In another outward sign of its success, RIM now occupies 12 buildings in Waterloo, a university town south-west of Toronto, and will soon move into a 13th. Nearby are the Perimeter Institute for Theoretical Physics and the Institute of Quantum Computing, two philanthropic research centres set up by Mike Lazaridis, RIM's other co-chief executive and founder.

On campus, RIM is in the throes of almost doubling its BlackBerry assembly plant, even as it outsources a growing slice of its manufacturing operations - primarily, say RIM executives, to keep up with demand rather than to cut costs.

Hardware sales make up close to 70 per cent of RIM's revenue, with only about 30 per cent coming from software licensing. But that could be about to change. As part of its strategy to broaden the BlackBerry "ecosphere" and counter rivals' claims that its technology is too proprietary - a charge vehemently denied by Mr Balsillie - RIM has licensed BlackBerry technology to six of the world's seven biggest handset makers including Nokia, the Finland-based market leader.

This week Nokia announced that its 9300 Communicator mobile phone, due to be launched in the US in autumn, will carry RIM's BlackBerry software, enabling users to access their e-mail. Motorola, Sony-Ericsson, Samsung and others have announced similar plans as part of what RIM calls its BlackBerry Connect licensing programme.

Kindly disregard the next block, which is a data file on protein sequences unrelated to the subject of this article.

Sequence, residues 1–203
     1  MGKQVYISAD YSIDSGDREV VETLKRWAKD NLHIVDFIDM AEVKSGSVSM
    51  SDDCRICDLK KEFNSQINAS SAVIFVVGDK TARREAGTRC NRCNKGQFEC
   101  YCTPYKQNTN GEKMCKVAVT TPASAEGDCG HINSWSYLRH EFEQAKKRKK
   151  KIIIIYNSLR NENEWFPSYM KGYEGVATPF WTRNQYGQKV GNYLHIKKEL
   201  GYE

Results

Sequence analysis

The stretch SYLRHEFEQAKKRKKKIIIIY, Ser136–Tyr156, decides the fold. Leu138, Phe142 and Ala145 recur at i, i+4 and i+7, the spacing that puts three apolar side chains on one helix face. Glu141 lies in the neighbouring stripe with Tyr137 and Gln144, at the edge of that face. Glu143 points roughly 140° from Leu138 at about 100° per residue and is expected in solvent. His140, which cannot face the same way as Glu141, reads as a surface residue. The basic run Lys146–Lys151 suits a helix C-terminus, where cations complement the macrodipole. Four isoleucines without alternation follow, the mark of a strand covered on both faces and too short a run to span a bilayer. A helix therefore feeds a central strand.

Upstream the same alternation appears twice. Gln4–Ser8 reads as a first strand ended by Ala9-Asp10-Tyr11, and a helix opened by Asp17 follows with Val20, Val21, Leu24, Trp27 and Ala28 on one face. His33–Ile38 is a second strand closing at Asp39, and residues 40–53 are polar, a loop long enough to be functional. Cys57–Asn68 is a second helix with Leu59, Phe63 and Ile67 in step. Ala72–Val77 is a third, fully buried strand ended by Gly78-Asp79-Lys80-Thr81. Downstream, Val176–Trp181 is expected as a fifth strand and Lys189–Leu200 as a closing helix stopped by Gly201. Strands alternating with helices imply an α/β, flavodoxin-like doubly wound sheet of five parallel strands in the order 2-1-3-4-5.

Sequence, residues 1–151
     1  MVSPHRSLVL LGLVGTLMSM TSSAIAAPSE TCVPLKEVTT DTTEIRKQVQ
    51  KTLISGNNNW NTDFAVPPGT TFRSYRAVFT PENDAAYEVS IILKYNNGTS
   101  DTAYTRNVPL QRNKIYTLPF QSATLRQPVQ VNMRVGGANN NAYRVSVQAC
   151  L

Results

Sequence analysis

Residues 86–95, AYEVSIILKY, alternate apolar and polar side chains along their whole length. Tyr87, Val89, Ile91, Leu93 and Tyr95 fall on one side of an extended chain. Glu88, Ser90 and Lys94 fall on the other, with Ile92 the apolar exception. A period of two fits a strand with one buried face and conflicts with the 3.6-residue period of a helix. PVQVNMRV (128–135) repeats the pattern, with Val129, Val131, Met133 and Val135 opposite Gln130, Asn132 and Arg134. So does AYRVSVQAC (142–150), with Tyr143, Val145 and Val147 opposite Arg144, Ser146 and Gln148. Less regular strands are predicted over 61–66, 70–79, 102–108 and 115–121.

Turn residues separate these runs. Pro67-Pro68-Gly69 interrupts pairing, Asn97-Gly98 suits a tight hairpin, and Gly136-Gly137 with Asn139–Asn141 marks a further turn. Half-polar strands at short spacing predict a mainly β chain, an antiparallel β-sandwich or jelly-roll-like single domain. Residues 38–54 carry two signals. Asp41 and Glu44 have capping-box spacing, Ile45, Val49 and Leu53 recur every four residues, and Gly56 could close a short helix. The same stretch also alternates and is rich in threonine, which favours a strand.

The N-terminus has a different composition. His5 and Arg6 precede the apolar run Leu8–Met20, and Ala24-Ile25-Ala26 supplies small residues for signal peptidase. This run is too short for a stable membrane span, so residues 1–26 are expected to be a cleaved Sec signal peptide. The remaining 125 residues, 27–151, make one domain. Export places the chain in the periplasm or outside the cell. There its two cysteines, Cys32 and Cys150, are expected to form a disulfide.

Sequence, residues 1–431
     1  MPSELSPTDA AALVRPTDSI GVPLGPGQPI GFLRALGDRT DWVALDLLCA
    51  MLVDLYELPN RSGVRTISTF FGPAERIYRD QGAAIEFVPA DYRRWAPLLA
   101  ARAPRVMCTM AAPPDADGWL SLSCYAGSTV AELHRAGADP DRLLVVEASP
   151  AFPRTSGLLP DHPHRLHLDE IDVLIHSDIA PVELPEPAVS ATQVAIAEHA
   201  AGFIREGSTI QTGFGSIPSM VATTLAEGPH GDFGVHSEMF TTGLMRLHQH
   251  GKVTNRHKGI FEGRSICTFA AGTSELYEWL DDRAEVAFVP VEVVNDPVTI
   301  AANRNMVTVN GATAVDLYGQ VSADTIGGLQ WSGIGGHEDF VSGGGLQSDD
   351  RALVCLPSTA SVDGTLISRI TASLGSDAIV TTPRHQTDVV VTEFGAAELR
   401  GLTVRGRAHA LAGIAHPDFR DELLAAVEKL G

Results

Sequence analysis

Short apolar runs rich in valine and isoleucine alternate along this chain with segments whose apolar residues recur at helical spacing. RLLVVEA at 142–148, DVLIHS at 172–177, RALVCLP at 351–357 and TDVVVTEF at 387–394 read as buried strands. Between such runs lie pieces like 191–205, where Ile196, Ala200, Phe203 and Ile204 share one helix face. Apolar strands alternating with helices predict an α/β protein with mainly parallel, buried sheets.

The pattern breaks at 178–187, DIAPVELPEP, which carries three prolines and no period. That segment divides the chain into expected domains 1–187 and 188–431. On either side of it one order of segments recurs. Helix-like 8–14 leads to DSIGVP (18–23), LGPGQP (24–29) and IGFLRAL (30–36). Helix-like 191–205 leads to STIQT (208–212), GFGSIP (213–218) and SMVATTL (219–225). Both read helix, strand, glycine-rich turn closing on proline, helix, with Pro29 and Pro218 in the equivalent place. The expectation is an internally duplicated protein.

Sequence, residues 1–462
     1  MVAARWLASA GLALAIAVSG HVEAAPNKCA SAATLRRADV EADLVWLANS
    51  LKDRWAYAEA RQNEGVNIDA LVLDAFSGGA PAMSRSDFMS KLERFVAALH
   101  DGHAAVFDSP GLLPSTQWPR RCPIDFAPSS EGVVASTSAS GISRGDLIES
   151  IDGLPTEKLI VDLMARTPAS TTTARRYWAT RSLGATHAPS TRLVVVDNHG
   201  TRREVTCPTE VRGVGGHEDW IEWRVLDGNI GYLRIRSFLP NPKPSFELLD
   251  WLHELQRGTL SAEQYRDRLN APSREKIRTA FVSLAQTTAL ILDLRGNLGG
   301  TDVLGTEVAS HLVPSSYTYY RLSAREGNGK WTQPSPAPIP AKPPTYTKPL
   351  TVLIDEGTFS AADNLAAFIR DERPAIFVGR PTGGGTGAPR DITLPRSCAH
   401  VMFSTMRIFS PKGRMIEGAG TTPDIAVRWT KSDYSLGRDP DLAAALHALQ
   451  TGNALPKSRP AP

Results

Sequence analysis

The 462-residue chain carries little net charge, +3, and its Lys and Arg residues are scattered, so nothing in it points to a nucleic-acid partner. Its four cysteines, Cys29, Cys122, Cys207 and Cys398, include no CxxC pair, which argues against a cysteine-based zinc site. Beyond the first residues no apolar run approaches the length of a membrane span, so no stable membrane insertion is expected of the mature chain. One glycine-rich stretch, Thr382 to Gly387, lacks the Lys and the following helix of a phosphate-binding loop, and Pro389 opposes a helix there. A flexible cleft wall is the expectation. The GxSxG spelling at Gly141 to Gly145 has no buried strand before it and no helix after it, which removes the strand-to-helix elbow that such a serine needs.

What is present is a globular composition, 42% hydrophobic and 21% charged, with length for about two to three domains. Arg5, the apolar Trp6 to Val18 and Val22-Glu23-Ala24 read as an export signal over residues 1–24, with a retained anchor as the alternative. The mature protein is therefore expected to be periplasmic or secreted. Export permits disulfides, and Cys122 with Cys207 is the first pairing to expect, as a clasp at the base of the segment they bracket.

As an example of what he describes as outsiders' misguided perceptions, Mr Balsillie cites the much-publicised unveiling last month of the Q, Motorola's new ultra-thin e-mail device.

Motorola announced that the Q would run on the Â*latest version of Microsoft's Windows Mobile operating software; many analysts and commentators then reported the Motorola-Microsoft alliance as a serious threat to the BlackBerry.

But Mr Balsillie notes that just a few days before the announcement, he was talking to Motorola's top executives about how RIM could help make the Q a success. The unveiling of the new product was "just a hype fest with Microsoft", he says.

Until now, the vast majority of BlackBerry users have been employees of governments and large companies in North America, who particularly prize the BlackBerry's security features.

RIM has courted information technology managers in these organisations over the years, and the effort has paid dividends. Most big corporate BlackBerry users have linked the devices to their computer networks using RIM's "middleware" - principally the BlackBerry Enterprise Server, which sits inside a company firewall and directs e-mail traffic destined for BlackBerry devices.